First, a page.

What Do I Know About Previews? Everyday Heroes (5e OGL)
Back during the d20 days of the early 2000s, WotC’s d20 offerings weren’t strictly published in D&D flavor. In addition to Dungeons & Dragons 3rd edition, as well as d20 versions of Call of Cthulhu and the Wheel of Time, WotC also published d20 Modern.
If you never had a chance to look at d20 Modern, the classes were based on the six ability scores, the strong hero, the fast hero, the tough hero, the smart hero, the dedicated hero, and the charismatic hero. Because there were settings that ranged from modern urban fantasy to science fiction, to tailor the experience of the game, prestige classes allowed for specializations like spellcasters or ace pilots.
The different toolkits for the setting provided an interesting range of plug-ins for the system. My personal favorites were the d20 Future and the d20 Past supplements, seeing the “modern” setting pushed in both directions to model different stories. It didn’t hurt that a few of my favorite settings, like Star*Drive and Dark Matter, which originally came out for the Alternity system, eventually found a home in d20 Modern.
I loved 3rd edition when I was running it, and even though I eventually grounded out a little on the complexity of the system, the widgets were fun to read about. In a sea of d20 supplements made by 3rd parties, especially those systems that were written to emulate modern and near modern settings, I think d20 Modern was a model of what could be done with the system in other genres.
I would go into some details about an action movie buddy-cop storyline that involved driving a speed boat from the water, into the downtown streets, and dropping a bulldozer on a crime boss in a quarry, but I should probably hold off for now.
That Was Then
Dave Scott from Evil Genius Productions contacted me, asking me if I wanted to mention their new upcoming game Everyday Heroes on the blog. He said that it would be based on d20 Modern, and that they wanted to announce it on the 20th anniversary of the release of that game.
While I was interested, that interest increased quite a bit the more I read about the upcoming project. You can read the press release here:
Since it’s hard for me to get back in the mindset of how skills scale and the range of results, I was pretty interested to hear that this is a reimagining of d20 Modern that will be using the 5e OGL as well. Additionally, since I’m not the fan of prestige classes that I once was, I thought it was a pretty solid design choice to use the 5e game tech of subclasses to help specialize characters. I’m really interested to see how the subclasses can be used to tell different character stories.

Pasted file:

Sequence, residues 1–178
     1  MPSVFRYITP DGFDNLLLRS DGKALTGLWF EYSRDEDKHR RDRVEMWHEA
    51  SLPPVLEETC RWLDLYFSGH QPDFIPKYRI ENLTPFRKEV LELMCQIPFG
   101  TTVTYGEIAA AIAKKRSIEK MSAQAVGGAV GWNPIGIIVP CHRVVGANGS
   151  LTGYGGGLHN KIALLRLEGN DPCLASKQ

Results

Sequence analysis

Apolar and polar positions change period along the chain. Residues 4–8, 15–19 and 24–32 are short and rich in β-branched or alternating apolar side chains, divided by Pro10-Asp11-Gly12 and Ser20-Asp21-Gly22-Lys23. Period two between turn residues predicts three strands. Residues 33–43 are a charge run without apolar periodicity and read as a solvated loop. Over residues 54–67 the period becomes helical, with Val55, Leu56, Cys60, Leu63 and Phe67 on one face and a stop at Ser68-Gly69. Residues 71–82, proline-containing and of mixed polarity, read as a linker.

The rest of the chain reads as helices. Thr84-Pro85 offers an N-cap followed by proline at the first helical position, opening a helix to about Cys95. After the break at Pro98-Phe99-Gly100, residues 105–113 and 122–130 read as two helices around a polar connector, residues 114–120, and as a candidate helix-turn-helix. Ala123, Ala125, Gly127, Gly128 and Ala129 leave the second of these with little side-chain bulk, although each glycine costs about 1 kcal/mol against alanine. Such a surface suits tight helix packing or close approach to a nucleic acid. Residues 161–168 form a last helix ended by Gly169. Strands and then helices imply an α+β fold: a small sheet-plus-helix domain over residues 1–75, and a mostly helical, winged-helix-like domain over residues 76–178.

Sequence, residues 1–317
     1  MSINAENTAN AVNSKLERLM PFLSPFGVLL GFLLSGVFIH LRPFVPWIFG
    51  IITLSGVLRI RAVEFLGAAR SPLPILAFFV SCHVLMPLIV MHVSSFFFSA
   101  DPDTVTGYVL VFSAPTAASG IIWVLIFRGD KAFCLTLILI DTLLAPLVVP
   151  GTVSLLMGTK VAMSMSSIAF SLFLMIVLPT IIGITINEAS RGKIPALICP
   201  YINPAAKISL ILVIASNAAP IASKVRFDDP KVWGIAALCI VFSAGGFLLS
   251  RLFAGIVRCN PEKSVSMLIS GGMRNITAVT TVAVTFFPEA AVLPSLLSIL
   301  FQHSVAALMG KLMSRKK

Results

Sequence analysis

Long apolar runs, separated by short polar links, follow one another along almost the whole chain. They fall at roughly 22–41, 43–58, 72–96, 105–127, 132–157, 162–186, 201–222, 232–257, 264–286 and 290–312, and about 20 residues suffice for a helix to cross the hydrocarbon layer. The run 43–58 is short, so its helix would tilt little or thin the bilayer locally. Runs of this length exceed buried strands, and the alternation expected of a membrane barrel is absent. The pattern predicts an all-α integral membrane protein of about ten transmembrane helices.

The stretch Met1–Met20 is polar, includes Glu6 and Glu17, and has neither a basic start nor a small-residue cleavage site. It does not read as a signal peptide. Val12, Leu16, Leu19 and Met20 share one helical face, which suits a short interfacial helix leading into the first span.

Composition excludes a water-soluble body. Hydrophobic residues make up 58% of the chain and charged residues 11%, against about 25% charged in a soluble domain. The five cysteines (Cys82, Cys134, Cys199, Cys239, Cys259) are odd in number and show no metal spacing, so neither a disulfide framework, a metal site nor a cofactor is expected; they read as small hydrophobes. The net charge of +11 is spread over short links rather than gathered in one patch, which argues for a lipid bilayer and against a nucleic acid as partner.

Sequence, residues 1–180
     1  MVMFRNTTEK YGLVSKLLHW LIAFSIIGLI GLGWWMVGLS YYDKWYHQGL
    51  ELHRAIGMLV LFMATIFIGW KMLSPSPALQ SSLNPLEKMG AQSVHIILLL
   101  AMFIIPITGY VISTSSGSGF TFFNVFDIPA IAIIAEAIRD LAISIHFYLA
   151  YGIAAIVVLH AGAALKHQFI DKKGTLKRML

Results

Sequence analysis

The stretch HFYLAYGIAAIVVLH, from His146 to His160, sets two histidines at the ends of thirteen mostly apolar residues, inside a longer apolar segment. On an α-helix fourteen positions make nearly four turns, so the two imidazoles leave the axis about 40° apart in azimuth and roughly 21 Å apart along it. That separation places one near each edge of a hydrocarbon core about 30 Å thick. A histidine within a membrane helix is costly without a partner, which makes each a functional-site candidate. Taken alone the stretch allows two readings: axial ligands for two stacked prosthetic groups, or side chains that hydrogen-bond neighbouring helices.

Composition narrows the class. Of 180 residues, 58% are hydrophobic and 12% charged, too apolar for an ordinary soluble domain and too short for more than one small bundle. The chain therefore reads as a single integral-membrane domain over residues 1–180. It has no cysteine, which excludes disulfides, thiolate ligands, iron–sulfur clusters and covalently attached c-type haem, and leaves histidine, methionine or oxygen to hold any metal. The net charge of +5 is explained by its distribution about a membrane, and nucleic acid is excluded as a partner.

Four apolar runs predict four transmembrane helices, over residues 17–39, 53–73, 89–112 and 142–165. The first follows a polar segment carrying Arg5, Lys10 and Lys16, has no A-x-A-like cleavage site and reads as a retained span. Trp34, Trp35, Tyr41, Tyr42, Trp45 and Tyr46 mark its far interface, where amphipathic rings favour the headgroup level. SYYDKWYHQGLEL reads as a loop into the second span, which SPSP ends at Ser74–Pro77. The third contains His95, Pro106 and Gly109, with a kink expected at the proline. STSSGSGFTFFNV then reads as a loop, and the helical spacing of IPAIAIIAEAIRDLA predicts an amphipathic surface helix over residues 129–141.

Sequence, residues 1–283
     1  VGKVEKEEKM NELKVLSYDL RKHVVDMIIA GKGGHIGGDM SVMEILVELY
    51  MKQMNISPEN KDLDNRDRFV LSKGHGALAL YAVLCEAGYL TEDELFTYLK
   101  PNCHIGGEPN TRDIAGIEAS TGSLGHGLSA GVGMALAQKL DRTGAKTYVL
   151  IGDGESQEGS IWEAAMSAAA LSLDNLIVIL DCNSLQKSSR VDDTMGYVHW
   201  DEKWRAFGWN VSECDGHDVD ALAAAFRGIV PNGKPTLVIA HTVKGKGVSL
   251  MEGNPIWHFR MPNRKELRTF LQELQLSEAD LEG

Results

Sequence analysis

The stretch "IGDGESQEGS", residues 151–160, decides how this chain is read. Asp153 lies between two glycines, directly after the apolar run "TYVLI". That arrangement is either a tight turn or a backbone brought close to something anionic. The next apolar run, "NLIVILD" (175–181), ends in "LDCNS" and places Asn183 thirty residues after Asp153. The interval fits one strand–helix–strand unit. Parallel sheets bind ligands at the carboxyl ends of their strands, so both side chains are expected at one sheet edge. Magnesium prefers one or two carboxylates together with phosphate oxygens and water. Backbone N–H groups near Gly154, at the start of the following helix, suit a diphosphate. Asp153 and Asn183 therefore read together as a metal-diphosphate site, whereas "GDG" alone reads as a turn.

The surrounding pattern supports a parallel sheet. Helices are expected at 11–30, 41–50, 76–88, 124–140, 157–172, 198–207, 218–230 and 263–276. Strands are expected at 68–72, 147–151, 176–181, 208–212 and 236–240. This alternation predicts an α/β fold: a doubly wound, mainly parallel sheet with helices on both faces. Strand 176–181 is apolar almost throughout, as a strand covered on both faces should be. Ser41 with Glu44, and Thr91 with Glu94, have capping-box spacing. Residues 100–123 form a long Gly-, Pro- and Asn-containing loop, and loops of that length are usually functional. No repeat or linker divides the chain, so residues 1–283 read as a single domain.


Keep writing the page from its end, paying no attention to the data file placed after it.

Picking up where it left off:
You Had My Attention . . .
I have mentioned in the past that Marvel Superheroes by TSR was the first game where I realized that a game could have a voice that wasn’t dry and authoritative. Eventually, I would realize that Jeff Grubb was that voice, and I started to notice that some of the RPG products that I enjoyed the most were those with Jeff Grubb’s name on the cover (or in the credits).
While there were a plethora of designers and authors that I enjoyed, I don’t think its overstating things to say that one of the reasons I became so invested in the Forgotten Realms was due to Jeff Grubb’s mark on the setting, and the way he framed the setting for presentation.
Anyway, in case you haven’t picked up on it yet, Jeff Grubb is on the design team for this game. That has me excited.
Waiting for the Future
I know a lot of people have wanted an update to d20 Modern for a long time. I also know that I enjoy seeing how designers adapt the 5e OGL to different implementations. While it isn’t the only game system to use, and I enjoy a wide variety of systems, it’s still a very flexible ruleset that can do a lot (potentially more than its 3rd edition forbear).
I’m also excited to see more games produced by marginalized communities. Evil Genius Productions is a black owned business, and its important to have more viewpoints and more voices in the RPG industry. Jeff Grubb was the first one to teach me the importance of fresh voices, and the best voices we can see going into the future are those voices that have been present but haven’t been heard. I’ll be keeping an eye on this project, and I hope you will as well.